I'm working on a problem to balance a checkbook. I've been struggling with it so I split it up into its components. I first made an array to store withdrawals. When I ran this program, everything ran fine. Now I'm trying to create a second array to store deposits. I can't get it to display properly.

//checkbookagain.cpp

#include <iostream>
using namespace std;

int main ()
{
    double with = 0;
    double *wAmt = new double[with];
    double dep = 0;
    double *dAmt = new double[dep];

    cout << "How many withdrawals were made? ";
    cin >> with;
    cout << "How many deposits were made? ";
    cin >> dep;

    for (int i=0; i<with; i++)
    {
        cout << "Enter in the amount of withdrawal " << i + 1 << ": $";
        cin >> wAmt[i];
    }// end for

    for (int j=0; i<dep; j++)
    {
        cout << "Enter in the amount of deposit " << j + 1 << ": $";
        cin >> dAmt[j];
    }//end for

    for (i=0; i<with; i++)
    {
        cout << "Withdrawal " << i + 1 << ": $";
        cout << wAmt[i] << endl;
    }//end for
    for (j=0; j<dep; j++)
    {
        cout << "Deposit " << j+1 << ": $";
        cout << dAmt[j] << endl;
    }//end for

    return 0;
}//end of main function

When its this way, it lets me input everything up to the deposits. When it gets to the deposit input, it just displays some numbers in scientific notation. I tried moving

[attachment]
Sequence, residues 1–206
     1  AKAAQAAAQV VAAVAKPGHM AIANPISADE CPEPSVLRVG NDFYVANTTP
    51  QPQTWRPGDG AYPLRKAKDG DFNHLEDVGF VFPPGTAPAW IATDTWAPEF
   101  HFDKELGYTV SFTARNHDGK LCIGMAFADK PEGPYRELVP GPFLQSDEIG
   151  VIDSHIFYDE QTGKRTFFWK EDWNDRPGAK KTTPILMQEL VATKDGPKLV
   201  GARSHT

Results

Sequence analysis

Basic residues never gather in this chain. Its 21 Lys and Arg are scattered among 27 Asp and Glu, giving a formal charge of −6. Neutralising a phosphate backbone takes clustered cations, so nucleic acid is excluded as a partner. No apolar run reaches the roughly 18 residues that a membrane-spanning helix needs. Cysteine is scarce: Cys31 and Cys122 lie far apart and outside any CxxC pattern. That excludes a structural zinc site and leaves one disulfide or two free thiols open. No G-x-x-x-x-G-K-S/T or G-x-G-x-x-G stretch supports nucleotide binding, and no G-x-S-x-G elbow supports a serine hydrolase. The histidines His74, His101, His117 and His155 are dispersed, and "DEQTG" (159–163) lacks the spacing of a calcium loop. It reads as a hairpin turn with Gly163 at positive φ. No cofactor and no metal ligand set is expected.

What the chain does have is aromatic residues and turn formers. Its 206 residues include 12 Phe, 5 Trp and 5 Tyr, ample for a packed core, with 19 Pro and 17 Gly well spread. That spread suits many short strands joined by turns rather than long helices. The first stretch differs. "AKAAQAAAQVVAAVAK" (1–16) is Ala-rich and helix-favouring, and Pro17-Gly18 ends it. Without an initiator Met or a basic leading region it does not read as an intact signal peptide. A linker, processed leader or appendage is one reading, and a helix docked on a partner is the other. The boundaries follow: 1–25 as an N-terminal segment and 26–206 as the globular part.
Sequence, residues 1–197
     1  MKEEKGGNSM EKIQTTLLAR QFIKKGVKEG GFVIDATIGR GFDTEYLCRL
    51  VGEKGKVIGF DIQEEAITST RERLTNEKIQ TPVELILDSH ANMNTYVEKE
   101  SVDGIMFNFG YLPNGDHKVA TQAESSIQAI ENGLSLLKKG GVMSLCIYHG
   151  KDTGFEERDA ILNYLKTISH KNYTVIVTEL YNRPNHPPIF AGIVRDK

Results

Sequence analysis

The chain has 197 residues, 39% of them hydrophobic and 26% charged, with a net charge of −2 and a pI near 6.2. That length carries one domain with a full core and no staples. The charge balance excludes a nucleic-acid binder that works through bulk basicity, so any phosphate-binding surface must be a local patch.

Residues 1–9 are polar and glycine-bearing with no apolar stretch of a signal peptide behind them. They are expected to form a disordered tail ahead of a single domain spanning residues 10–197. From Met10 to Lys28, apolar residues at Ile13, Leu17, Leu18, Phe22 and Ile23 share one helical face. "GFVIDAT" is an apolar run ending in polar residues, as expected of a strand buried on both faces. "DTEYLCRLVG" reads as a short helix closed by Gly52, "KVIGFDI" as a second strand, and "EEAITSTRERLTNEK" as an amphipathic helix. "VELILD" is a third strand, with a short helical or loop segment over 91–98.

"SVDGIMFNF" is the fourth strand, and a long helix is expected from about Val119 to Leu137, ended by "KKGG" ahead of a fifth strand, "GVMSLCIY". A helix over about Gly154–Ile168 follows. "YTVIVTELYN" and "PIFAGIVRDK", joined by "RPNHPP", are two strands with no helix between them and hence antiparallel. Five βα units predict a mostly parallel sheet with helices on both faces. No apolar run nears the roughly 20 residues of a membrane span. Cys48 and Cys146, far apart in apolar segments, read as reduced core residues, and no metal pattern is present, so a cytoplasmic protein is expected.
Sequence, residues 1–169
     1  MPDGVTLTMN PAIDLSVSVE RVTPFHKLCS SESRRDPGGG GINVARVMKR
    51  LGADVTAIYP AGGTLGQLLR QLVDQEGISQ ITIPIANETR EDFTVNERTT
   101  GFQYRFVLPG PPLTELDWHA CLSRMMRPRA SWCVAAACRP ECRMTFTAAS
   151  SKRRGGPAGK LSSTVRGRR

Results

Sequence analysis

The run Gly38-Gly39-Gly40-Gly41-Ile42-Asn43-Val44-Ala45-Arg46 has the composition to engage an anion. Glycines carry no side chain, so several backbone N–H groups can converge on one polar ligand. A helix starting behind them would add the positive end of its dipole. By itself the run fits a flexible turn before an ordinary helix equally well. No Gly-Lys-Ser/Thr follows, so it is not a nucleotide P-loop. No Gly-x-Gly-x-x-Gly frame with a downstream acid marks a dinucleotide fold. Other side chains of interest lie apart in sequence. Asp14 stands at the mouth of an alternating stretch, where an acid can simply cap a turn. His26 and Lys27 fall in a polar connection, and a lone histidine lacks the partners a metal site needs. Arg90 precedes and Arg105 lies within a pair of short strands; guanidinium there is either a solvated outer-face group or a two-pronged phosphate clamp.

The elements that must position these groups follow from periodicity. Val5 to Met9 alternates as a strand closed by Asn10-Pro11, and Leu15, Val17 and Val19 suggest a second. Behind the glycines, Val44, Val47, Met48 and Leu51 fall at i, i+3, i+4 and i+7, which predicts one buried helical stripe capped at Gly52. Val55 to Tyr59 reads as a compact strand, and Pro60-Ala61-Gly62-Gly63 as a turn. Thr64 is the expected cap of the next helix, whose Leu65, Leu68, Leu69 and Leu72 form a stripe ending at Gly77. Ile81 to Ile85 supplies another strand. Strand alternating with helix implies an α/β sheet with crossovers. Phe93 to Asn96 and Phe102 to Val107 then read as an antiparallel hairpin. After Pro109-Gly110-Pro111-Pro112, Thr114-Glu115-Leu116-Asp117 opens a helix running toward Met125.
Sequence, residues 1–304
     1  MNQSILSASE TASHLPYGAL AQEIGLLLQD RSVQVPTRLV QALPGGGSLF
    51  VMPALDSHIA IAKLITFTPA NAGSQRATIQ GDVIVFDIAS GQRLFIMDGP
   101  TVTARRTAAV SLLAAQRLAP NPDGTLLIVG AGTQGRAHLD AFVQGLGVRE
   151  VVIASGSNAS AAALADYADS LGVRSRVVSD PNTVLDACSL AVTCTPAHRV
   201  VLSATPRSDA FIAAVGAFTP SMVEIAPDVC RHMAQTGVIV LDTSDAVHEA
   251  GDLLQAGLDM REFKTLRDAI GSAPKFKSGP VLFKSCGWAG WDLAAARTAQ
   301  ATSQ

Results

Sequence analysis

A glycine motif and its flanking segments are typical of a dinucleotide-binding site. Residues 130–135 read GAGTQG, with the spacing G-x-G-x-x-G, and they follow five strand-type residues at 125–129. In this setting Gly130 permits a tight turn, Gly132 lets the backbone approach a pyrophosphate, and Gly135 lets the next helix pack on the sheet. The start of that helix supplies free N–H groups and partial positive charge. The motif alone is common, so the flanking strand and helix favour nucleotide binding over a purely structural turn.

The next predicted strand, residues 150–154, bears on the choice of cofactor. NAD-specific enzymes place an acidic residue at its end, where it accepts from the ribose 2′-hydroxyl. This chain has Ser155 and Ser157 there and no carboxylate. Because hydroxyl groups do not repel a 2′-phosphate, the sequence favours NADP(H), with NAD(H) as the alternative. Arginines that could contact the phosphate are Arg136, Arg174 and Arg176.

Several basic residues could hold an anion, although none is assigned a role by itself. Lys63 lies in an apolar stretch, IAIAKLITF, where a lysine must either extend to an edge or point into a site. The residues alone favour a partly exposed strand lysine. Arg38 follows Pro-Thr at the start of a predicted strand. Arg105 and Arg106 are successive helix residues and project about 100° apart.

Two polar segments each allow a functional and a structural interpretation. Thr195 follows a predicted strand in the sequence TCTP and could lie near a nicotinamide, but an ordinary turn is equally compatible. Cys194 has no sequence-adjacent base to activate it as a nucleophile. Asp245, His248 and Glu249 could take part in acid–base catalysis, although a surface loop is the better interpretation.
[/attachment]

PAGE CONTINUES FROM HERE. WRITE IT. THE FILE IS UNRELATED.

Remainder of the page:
cout << "How many deposits were made? ";
cin >> dep;

farther down after the loop for withdrawals, but that just made the program ask for more deposits than were inputted.

How to I organize these two arrays to get them to properly display? Thanks

Lines 8 to 11, 21, and 27.

You are creating arrays of size 0, then attempting to store information in those arrays of size 0, hence overflowing the array. If you don't get an actual seg fault, you can expect other problems. Seems like lines 9 and 11 shouldbe moved to below line 16. You don't know the size of the array needed until AFTER line 16, yet you reserver the memory BEFORE you know how much memory you need. Try moving lines 9 and 11 after line 16 and see if that solves anything.

Oh I see what you're saying. That makes sense. I moved 9 and 11 to after 16, but it still does the same thing where I can't input the deposit amounts.

Just noticed something. Your array size variables (with and dep) are doubles. They need to be positive integers. Array sizes always are. You can't have an array size of, say, 1.5, so the variables should be integers. Plus, i and j are integers and you want to go through the loop an integral number of times (i.e. it makes no sense to go through a look three and a half times. Make with and dep integers to reflect that.

Look at lines 18, 24, 30, and 35, your for-loop declarations. On two of them, you declare "int i" and "int j" inside the for-loop declaration. On two of them, you do not. Do it the same way for all of them. Either declare variables ABOVE the first for loop called i and j or declare "int i" and "int j" in all four. If you have the warnings turned on, the way you have it, you'll get some "obsolete binding" and "name lookup" / "scope" errors.

Good thing too because it calls your attention to an easy to miss error. Look closely at line 24. Really closely! See if you see the other error!

Line 24.. I use j to initialize but then do i<dep. Fixed that and the other stuff and it runs great now! Thanks so much.